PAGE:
Although the following news story arrived at The Progress Report without a byline, we have reason to believe the source is accurate.
Germany's Greens, hoping to secure a role in government after next month's election, on Monday announced hefty income tax cuts and the scrapping of nuclear power as top policy priorities.
The party, with whom the Social Democrats will probably have to cooperate if they are to oust Chancellor Helmut Kohl's conservatives, also called for shorter working hours and overtime cuts as part of a package of job creation measures.
It said it would also seek heavier taxes on energy as a way of promoting more environmentally-friendly power forms. The proceeds of the new taxes would finance a cut in the high social security contributions levied on German wages.
"Only we can bring about a new start in politics after 16 years of this conservative-liberal government," the party said in a news release before presenting the details of its policy package ahead of Germany's September 27 general election.
Listing the abandonment of nuclear energy "as quickly as possible" as one of their main aims, the Greens said they would push for the immediate halt of all radioactive waste shipments across Germany and into neighbouring countries.
The Greens, whose six to seven percent share of the vote in current polls would be enough to allow the formation of an SPD-Green government, said they wanted to cut the basic rate of income tax to 18.5 percent from 25.9 percent, while raising the income threshold above which tax must be paid.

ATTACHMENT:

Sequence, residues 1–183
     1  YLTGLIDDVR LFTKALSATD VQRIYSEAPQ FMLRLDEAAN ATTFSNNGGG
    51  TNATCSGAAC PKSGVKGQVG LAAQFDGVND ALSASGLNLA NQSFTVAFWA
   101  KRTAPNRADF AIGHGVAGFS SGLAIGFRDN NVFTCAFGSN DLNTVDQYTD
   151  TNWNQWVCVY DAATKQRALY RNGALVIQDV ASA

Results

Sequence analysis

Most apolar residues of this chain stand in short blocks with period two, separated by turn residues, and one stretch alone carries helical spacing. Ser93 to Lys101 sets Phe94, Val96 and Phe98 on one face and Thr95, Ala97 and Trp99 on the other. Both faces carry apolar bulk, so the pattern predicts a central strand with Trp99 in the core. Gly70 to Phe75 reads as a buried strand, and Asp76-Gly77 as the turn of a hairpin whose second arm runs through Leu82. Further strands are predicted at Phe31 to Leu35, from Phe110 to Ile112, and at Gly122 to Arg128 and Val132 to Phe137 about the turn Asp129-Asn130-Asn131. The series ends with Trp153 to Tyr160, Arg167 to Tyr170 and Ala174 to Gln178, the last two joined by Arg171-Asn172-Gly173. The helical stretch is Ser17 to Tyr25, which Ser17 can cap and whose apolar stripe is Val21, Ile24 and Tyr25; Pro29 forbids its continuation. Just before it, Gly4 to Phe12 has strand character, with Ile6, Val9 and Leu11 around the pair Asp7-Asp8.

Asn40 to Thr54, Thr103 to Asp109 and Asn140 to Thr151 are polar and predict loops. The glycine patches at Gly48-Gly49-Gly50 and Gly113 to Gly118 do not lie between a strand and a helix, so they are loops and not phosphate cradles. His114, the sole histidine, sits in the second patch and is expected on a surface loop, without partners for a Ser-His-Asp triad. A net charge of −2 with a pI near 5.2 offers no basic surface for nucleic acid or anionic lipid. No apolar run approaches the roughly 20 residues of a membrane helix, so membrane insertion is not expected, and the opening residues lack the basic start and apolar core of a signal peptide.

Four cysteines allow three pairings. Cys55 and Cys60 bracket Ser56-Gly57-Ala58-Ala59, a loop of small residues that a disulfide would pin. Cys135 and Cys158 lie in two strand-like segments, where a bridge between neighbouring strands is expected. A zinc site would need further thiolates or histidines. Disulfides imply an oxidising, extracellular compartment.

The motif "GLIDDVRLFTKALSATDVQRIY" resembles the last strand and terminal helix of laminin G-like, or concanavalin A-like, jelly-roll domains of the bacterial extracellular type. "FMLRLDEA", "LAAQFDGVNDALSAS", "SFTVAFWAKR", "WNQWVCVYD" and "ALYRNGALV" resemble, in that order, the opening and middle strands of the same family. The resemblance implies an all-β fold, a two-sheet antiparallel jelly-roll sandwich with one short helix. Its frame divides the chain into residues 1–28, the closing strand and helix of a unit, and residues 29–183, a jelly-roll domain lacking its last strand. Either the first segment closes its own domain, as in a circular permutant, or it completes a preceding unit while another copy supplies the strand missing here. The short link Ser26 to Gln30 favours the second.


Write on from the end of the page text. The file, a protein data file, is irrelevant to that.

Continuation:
The party said it would be financed by scrapping tax breaks, giveaways and handouts available to those on higher incomes.
Other priorities included a reform of Germany's tough citizenship laws and new moves to tackle drug addiction by decriminalising drug use.
On many points, the Greens' policy priorities go in the same direction as those unveiled by the SPD two weeks ago.
The SPD also wants to cut taxes for low and average income families, and like the Greens it wants a so-called "alliance for jobs" in which trade unions and employers come together under government stewardship to discuss ways to create jobs.
The SPD party programme also commits it to scrapping nuclear power as soon as possible - but unlike the Greens' proposal, it recommends no immediate measures in this area.
Traditionally seen as the SPD's first choice as coalition partner, the Greens have criticised SPD chancellor candidate Gerhard Schroeder for recent comments suggesting he was considering a "grand coalition" with Kohl's conservatives.